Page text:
Team AxIS

Overall Objectives
Scientific Foundations
Application Domains
New Results
Contracts and Grants with Industry
Other Grants and Activities
Inria / Raweb 2004
Project: AxIS

Project : axis

Section: New Results

Other Applications

Other applications were developed mostly for validating our algorithms (as for [42], [50], [13]).

Comparison of Sanskrit Documents

Keywords : text comparison, Sanskrit, transliteration.

Participants : Marc Csernel, Yves Lechevallier.

This research is carried out in the context of the CNRS Action ``Histoire des savoirs'' (History of Knowledge).

The goal of the projects is to produce software tools that support the construction of critical edition of Sanskrit texts. A critical edition is a document that shows all different versions of a text found in different manuscripts. Generally the critical edition of a text is the base for all further studies.

Sanskrit texts contain some unique features that make inefficient standard tools dedicated to Indo-European languages. First, Sanskrit uses a specific 46 letters alphabet. Sanskrit scripts must be transliterated into roman scripts to be used on a computer; usual software tools compare the roman characters of the transliteration and do not use the Sanskrit alphabet directly.

Second, Sanskrit texts (especially in ancient manuscripts) can be written without spaces between words. This made comparisons between texts quite complex since it is hard to separate words. To avoid this difficulty we use two kinds of text: a lemmatized master text (called the padapatha) and the text to be compared. This will greatly improve the algorithmic complexity, but will introduce some new difficulties. Indeed, when spaces between two words are suppressed, the two words are not simply glued. They are modified according to some special rules call Sandhi. Taking Sandhi into account is not a trivial task.

During 2004, we developed the comparison software. The approach was to adapt the velhuis transliteration system in order to compare the words according to the Sanskrit alphabet and not with the roman alphabet. The implementation is using mostly Lex.

The second step was to allow comparison between text of different structures, the "normal text" and the lemmatised text: before comparison, the lemmatised text is transformed according to Sanskrit Rules. This transformation needs to be done for each comparison, because only the lemmatised text can indicate in which word a difference occurs. We have implemented most of the Sandhi rules, although there is still some work left. Once the implementation of the Sandhi rules is completed, we will test them on real examples.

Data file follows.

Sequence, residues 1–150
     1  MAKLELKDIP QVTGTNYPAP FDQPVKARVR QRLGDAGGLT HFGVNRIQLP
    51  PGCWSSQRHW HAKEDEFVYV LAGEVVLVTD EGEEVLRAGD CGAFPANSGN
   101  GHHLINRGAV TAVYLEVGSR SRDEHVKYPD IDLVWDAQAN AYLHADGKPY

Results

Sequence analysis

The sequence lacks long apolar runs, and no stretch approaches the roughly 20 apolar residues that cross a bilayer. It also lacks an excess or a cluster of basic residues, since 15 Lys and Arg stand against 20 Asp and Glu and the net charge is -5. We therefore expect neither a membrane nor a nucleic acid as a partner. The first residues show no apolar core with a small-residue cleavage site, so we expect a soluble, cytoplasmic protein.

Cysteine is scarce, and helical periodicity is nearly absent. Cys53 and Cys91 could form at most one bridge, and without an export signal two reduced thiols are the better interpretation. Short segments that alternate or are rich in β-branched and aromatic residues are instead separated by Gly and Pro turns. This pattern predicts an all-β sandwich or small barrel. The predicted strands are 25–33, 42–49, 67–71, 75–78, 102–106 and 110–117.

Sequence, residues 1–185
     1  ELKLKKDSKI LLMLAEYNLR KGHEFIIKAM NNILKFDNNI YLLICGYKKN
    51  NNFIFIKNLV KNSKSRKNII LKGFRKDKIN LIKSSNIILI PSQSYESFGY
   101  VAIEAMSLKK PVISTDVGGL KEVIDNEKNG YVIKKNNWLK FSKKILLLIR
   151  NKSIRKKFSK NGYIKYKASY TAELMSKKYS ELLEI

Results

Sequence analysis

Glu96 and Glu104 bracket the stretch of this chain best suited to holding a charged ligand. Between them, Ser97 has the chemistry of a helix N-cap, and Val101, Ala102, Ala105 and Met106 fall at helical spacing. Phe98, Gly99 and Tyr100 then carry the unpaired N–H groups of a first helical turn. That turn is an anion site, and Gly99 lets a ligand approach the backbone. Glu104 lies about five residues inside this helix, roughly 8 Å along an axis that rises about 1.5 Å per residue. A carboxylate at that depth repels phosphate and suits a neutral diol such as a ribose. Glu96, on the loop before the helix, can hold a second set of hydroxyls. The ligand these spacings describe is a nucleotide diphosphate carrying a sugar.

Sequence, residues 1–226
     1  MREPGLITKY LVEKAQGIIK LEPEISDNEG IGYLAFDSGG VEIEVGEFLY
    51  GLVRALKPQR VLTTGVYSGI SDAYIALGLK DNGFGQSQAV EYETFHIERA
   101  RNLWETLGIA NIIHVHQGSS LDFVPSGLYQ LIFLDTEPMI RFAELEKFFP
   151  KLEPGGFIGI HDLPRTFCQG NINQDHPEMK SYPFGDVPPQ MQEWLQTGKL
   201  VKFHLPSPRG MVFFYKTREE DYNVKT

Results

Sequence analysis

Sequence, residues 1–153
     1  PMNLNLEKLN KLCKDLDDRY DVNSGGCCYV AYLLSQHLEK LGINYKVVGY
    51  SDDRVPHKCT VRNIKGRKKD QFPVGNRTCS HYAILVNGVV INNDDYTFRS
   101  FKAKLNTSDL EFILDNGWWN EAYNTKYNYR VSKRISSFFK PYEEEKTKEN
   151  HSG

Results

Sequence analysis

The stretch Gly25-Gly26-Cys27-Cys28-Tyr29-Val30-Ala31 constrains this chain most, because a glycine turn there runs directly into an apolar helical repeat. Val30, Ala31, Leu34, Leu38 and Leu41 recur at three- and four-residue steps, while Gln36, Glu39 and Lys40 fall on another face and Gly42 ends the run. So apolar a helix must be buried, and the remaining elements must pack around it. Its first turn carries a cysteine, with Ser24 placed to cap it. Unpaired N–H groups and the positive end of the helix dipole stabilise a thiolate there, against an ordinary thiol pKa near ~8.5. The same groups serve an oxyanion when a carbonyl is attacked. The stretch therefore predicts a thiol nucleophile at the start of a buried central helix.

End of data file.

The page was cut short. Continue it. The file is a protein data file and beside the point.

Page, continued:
The software is now able to make comparison between the "master lemmatised text" and another text, taking into account the Sanskrit alphabet as well as sandhi rules, but the algorithm needs some optimisation. We plan to increase the its performance by adapting the DIFF algorithm to deal with Sanskrit characteristics.

Using GrepMiner on Gene Regulatory Expression Profiles

Keywords : sequential pattern mining, suffix tree, Apriori, affymetrix GeneChip, differential expression, DNA chip, DNA microarray, expression analysis, gene expression.

Participants : Doru Tanasa, Brigitte Trousse.

Given the advent of microarray technology, it is now possible to analyze the expression of a large number of genes simultaneously. Microarray experiments can be classified according to the nature of the samples, i.e. time of collection, location, type of tissue, class of tumor, etc. In the paper [50] we are interested in exploring our computational methods when applied to time series microarray experiments. In particular we report results applied to gene expression time series associated to mouse cerebellum development [72].

Biological motivation and gene expression data generation

The time-series gene expression data was generated by Kagami et al [72]. The data is publicly available through GEO (Gene Expression Omnibus), In such study Kagami et al [72] investigated differentially expressed genes during the development of mouse cerebellum. Their biological interest was focused to further understanding the molecular basis of mouse cerebellum development. The mouse cerebellum is not entirely developed until post-natal day 21, therefore their experiment was an ideal framework for the understanding of the genetic foundations and mechanisms of neural development.

Sequential Patterns Discovery in microarray Data.

We propose APRIORI-GST, an APRIORI-like algorithm that uses a Generalized Suffix Tree (GST) index for discovering sequential patterns from microarray data. The microarray data is transformed into sequences of three possible levels of exposure (e + , e0 or e-). These sequences are indexed using a GST index. A microarray sequential pattern may be seen, in this case, as a sub-sequence of levels of exposures that frequently occur.

From the extracted patterns we outlined the hypothesis that there is a lot of gene activity between the prenatal stage E18 and postnatal stage P7, which needs to be further investigated.

GREPminer Software Tool

To support our methodology, we designed and implemented in Java, the GREPminer(Gene Regulatory Expression Profiles Miner) tool presented in Fig. 13. The user chooses a dataset file and extracts sequential patterns having the support superior to a specified threshold. The extracted frequent sequential patterns are listed on the left side and the details (list of genes) for the selected pattern is displayed on the right side.

Figure 13. The GREPminer Software Tool Implementing the Apriori-GST Algorithm


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